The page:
American Is Cutting Flights to These 8 Major Cities — Best Life

The airline industry is notorious for constant change. Even when carriers aren’t dealing with the effects of a global pandemic or labor shortages, they’re often forced to reconsider their routes and update their schedules based on surging or lagging demand. Now, American Airlines has announced that it will be cutting flights to eight cities in the coming months, affecting both domestic and international destinations. Read on to see which departures the company is axing.

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After two years of struggling to fill flights thanks to the COVID-19 pandemic, major airlines are now facing a new problem of meeting the surging demand for travel. But logistical headaches and an industry-wide pilot shortage have made it difficult for the carriers to rebound along with the wave of returning passengers, forcing many to tailor their schedules to avoid strings of delays or cancellations.

On July 5, United Airlines confirmed that it would soon no longer be flying to Flagstaff, Arizona (FLG) and Texarkana, Arkansas (TXK), saying it would end service from Houston, Texas (IAH) to Texarkana on Sept. 6 and from Denver, Colorado (DEN) to Flagstaff on Oct. 30, The Points Guy reported. The airline also confirmed that it would be ending its connecting service between San Diego (SAN) and Los Angeles (LAX) after running the feeder route for over 40 years, as of Oct. 30.

And in late June, American Airlines announced that it would stop flying to Islip, New York (ISP); Ithaca, New York (ITH); and Toledo, Ohio (TOL) as of Sept. 7. In a statement, the carrier said The decision was “in response to the regional pilot shortage affecting the airline industry.” But now, the major carrier says it will cut departures from nearly half a dozen other cities.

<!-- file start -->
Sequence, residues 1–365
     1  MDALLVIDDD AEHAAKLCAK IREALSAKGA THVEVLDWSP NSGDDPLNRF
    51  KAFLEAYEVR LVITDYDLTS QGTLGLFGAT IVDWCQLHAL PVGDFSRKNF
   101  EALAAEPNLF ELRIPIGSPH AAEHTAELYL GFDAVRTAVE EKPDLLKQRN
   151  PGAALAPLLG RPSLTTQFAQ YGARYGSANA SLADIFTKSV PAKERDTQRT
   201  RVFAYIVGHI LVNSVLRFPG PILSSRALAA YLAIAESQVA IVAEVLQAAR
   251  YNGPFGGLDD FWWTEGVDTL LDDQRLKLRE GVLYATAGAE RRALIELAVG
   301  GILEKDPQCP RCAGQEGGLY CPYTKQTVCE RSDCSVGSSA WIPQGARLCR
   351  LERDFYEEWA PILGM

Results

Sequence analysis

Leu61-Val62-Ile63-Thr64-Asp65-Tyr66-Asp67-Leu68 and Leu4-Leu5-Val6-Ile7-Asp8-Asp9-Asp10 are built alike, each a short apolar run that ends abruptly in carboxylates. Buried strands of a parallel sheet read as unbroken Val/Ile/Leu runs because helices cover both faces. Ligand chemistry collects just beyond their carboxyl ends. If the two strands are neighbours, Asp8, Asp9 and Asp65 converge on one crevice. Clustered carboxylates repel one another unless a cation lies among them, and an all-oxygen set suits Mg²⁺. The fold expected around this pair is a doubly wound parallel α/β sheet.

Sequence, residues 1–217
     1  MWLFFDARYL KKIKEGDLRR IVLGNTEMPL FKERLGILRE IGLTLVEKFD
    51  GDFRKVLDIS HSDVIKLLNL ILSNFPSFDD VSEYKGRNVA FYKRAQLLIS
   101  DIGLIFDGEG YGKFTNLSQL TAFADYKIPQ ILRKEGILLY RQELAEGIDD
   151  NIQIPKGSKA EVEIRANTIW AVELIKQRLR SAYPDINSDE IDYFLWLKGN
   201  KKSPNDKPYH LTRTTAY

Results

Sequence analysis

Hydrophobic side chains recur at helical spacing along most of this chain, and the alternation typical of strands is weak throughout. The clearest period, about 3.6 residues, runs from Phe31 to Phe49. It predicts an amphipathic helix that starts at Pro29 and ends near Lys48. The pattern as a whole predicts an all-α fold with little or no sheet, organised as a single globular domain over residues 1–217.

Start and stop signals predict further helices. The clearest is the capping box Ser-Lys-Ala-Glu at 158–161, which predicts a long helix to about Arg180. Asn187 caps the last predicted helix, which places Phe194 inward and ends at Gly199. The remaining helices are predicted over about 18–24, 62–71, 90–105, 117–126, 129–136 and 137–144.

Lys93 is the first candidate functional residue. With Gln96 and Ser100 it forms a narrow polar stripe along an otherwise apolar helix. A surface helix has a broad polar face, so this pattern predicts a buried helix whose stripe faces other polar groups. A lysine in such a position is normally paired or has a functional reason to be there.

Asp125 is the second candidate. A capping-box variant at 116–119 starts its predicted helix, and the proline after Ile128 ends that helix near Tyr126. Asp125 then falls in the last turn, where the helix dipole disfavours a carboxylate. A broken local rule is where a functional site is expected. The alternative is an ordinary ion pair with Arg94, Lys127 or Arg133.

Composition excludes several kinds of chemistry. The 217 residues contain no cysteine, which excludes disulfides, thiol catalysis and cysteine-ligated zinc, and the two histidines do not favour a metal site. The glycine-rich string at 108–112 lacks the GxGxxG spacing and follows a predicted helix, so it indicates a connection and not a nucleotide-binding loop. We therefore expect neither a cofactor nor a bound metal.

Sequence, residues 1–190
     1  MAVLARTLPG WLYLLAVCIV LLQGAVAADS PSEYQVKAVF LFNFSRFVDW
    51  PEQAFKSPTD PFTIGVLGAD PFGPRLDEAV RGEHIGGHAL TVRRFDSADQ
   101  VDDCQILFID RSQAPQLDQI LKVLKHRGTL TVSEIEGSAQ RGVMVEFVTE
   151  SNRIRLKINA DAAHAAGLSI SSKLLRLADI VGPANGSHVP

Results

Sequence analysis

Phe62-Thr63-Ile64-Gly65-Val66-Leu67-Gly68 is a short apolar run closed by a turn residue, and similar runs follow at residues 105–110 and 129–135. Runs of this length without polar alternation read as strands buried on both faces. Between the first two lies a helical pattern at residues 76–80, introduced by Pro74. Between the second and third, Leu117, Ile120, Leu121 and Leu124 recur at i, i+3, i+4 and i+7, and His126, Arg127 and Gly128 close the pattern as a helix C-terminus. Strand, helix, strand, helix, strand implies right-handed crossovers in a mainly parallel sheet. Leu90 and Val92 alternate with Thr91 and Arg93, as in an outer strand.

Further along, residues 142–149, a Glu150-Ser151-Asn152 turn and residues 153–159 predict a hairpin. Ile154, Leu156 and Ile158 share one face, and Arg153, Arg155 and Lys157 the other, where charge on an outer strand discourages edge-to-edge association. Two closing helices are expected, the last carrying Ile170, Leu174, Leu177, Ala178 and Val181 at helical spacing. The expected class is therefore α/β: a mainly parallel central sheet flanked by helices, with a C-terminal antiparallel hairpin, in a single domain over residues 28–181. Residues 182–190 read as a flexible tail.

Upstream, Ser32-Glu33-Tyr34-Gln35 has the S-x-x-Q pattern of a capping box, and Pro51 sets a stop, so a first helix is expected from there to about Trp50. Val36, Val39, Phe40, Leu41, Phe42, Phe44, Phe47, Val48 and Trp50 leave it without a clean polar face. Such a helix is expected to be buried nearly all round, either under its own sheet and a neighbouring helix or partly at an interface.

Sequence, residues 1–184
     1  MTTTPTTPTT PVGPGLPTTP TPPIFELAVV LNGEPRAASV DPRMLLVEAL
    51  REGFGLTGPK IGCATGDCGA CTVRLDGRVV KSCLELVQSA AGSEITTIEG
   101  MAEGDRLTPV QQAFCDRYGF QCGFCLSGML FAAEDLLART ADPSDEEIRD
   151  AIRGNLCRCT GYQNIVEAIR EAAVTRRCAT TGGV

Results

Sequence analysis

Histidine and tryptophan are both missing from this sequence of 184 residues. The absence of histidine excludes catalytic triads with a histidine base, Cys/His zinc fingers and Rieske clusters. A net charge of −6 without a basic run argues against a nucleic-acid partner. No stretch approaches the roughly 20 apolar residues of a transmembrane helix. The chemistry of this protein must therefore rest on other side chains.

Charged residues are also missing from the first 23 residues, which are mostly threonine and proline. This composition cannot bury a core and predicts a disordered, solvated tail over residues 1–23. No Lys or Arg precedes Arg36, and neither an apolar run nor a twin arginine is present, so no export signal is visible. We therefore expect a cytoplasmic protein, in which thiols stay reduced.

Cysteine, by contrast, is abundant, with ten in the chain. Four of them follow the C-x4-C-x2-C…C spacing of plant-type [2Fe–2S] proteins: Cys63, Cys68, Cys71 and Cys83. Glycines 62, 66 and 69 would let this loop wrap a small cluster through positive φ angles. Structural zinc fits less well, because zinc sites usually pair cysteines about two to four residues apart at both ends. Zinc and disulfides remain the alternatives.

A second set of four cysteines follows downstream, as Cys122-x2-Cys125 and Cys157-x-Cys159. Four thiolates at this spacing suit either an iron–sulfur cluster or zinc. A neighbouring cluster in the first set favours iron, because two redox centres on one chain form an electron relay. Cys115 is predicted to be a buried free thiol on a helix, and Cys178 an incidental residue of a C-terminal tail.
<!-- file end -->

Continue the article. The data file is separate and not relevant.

American Airlines Plane on Runway
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On July 10, American Airlines confirmed that it was cutting flights from eight cities it had added to its schedule, The Points Guy reports. The carrier will be dropping planned flights from Philadelphia, Pennsylvania (PHL) to Vail / Eagle, Colorado (EGE) New York (JFK) to Jackson Hole, Wyoming (JAC); Chicago (ORD) to Montrose, Colorado (MTJ); and Los Angeles (LAX) to Montrose.

And besides changes to popular winter destinations, the airline also confirmed it would be changing up its international routes as well. Starting Nov. 3, American will no longer fly from New York (JFK) to Bogota, Colombia (BOG), citing “reduced” demand “from passengers, The Points Guy reported. However, the carrier will still serve the South American city with flights from Dallas / Fort Worth (DFW) and Miami (MIA).

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Inside Ronald Reagan Washington National Airport, passengers use the American Airlines self-serve check-in kiosks within terminal B / C. American Airlines is the fifth largest airline in the United States.
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But while some destinations saw their flight options pared back, the airline did add service to new cities. American will be kicking off new routes between Austin, Texas (AUS) and Vail / Eagle and between Miami and Jackson Hole, with daily flights beginning on Dec. 15, The Points Guy reports. The airline has also extended its daily service between Los Angeles (LAX) and Bozeman, Montana (BZN), offering flights from Dec. 15 through Jan. 2 and from Feb. 16 through April 3.

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And it’s not just domestic departures that will see schedule changes in the coming months. While JFK may be losing a flight to Bogota, American is debuting service from New York to Mexico City (MEX) with daily flights starting on Nov. 3. And on Oct. 29, the carrier will be bulking up departures from Miami to Tel Aviv, Israel (TLV), from three times weekly to daily service, according to The Points Guy.

But it hasn’t been all smooth sailing for the airline lately. News of the schedule changes comes days after a software glitch allowed pilots to drop thousands of flights the carrier scheduled them to operate, The Wall Street Journal reports. The pilots will now earn triple their standard pay to cover the scheduled departures, which ultimately would’ve affected more than 12,075 flights. However, despite the costly error, travel is not expected to be impacted in the coming weeks.

“We’re pleased to have reached an agreement with the APA and appreciate their partnership in coming to a resolution quickly to take care of our pilots, our team, and our customers,” a spokesman for American told The Wall Street Journal..

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